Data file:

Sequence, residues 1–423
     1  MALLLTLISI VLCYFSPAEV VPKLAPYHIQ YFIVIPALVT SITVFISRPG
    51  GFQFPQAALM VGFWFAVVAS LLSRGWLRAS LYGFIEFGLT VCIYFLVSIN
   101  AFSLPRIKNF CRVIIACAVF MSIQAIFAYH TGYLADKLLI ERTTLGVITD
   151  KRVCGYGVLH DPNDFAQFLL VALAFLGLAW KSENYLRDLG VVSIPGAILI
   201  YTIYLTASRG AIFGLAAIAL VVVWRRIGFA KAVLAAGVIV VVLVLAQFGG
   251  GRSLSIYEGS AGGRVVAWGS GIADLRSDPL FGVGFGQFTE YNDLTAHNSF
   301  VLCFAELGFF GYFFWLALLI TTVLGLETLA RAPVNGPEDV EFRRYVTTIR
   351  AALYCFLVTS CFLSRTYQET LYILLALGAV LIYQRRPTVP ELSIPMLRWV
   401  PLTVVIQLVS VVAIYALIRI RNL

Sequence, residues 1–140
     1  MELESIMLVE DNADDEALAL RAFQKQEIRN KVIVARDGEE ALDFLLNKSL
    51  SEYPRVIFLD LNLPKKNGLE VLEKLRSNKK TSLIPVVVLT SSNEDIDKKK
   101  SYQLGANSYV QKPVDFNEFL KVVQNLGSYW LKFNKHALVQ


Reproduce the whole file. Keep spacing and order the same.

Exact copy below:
Sequence, residues 1–423
     1  MALLLTLISI VLCYFSPAEV VPKLAPYHIQ YFIVIPALVT SITVFISRPG
    51  GFQFPQAALM VGFWFAVVAS LLSRGWLRAS LYGFIEFGLT VCIYFLVSIN
   101  AFSLPRIKNF CRVIIACAVF MSIQAIFAYH TGYLADKLLI ERTTLGVITD
   151  KRVCGYGVLH DPNDFAQFLL VALAFLGLAW KSENYLRDLG VVSIPGAILI
   201  YTIYLTASRG AIFGLAAIAL VVVWRRIGFA KAVLAAGVIV VVLVLAQFGG
   251  GRSLSIYEGS AGGRVVAWGS GIADLRSDPL FGVGFGQFTE YNDLTAHNSF
   301  VLCFAELGFF GYFFWLALLI TTVLGLETLA RAPVNGPEDV EFRRYVTTIR
   351  AALYCFLVTS CFLSRTYQET LYILLALGAV LIYQRRPTVP ELSIPMLRWV
   401  PLTVVIQLVS VVAIYALIRI RNL

Sequence, residues 1–140
     1  MELESIMLVE DNADDEALAL RAFQKQEIRN KVIVARDGEE ALDFLLNKSL
    51  SEYPRVIFLD LNLPKKNGLE VLEKLRSNKK TSLIPVVVLT SSNEDIDKKK
   101  SYQLGANSYV QKPVDFNEFL KVVQNLGSYW LKFNKHALVQ